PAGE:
• Be kind to yourself: Parenting a child with mental health issues can be incredibly hard, and you won’t have all the answers. One way to take care of yourself is to make sure you show yourself some compassion.

When Should You Consider Therapy?

“While it’s never too early to get the additional support of a therapist, the moment it feels like it’s too much to handle or you’re worried if you’re going about things the right way is the time to get help,” Wilson said.

When you’re feeling overwhelmed and in over your head, knowing someone else is on your team can be invaluable. Having an expert to guide and coach you can give you the strength and energy you need to keep going when it feels really difficult and help you realize you’re not alone.

If you feel therapy would help you take care of yourself and would like to find a therapist near you, you can use Psychology Today’s search tool. If you’re interested in a peer-led family support group, NAMI offers free groups around the United States. You can use its search tool to see if there’s one in your area.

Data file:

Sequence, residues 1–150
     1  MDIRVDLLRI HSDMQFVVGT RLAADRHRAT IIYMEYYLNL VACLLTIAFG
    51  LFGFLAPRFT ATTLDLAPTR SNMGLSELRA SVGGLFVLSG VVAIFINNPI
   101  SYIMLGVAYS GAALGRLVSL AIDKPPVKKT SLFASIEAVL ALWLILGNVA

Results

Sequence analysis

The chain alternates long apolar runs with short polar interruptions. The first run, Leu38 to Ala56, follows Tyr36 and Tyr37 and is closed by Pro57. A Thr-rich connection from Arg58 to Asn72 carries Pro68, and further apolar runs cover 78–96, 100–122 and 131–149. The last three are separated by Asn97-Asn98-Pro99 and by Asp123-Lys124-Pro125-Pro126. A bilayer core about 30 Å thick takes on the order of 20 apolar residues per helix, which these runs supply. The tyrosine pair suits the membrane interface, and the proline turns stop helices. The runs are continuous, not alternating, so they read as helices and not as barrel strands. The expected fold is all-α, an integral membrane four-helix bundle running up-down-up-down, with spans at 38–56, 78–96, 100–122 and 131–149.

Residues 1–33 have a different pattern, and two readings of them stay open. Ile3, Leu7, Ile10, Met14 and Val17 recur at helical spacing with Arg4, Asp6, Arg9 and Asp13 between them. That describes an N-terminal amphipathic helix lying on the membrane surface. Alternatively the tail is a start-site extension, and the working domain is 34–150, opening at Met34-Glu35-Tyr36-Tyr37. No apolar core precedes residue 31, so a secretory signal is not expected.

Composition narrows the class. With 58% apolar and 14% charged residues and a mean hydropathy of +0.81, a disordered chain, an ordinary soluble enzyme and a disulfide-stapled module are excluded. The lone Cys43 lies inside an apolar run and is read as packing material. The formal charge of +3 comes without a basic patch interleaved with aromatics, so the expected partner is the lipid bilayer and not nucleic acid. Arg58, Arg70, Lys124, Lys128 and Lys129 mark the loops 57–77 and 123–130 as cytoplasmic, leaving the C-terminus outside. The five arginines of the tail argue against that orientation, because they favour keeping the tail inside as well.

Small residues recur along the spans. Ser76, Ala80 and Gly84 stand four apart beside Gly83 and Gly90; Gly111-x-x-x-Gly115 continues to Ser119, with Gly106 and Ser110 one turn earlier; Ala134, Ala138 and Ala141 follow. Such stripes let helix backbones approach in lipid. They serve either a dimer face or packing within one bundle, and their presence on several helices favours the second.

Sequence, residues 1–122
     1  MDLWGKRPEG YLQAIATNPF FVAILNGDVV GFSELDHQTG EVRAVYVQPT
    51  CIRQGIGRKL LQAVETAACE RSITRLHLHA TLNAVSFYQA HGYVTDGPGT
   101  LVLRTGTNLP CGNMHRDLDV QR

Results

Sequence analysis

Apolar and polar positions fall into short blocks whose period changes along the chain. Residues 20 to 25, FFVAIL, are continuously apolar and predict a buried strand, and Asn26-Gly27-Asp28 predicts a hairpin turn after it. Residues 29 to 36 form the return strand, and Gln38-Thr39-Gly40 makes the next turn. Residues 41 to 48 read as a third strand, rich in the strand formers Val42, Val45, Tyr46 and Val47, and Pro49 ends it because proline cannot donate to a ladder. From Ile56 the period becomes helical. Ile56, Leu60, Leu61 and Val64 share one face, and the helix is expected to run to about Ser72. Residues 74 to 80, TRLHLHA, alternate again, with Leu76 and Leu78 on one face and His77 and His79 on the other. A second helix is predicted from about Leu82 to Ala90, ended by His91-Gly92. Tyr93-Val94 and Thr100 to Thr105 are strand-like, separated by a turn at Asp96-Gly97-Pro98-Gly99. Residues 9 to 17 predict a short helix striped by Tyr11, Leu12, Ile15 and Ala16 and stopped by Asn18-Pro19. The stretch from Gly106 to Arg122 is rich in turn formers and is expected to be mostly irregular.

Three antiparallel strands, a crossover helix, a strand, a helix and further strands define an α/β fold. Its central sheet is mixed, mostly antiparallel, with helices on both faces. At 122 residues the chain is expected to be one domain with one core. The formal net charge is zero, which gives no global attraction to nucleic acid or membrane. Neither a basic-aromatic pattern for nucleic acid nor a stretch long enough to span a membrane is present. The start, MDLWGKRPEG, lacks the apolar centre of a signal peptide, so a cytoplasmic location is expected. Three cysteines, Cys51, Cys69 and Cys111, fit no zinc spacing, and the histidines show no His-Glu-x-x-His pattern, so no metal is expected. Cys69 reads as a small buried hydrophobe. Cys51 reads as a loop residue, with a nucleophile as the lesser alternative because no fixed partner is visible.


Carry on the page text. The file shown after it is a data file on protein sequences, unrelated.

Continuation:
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Embark Behavioral Health

Embark Behavioral Health is a leading network of outpatient centers and residential programs offering premier mental health treatment for preteens, teens, and young adults. Dedicated to its big mission of reversing the trends of teen and young adult anxiety, depression, and suicide by 2028, Embark offers a robust continuum of care with different levels of service and programming; has a deep legacy of over 25 years serving youths; works with families to adjust treatment in real time to improve results; treats the entire family using an evidence-supported approach; and offers the highest levels of quality care and safety standards. For more information about Embark or its treatment programs, including virtual services, intensive outpatient programs (IOPs), therapeutic day treatment programs, also known as partial hospitalization programs (PHPs), residential treatment, and outdoor therapy, visit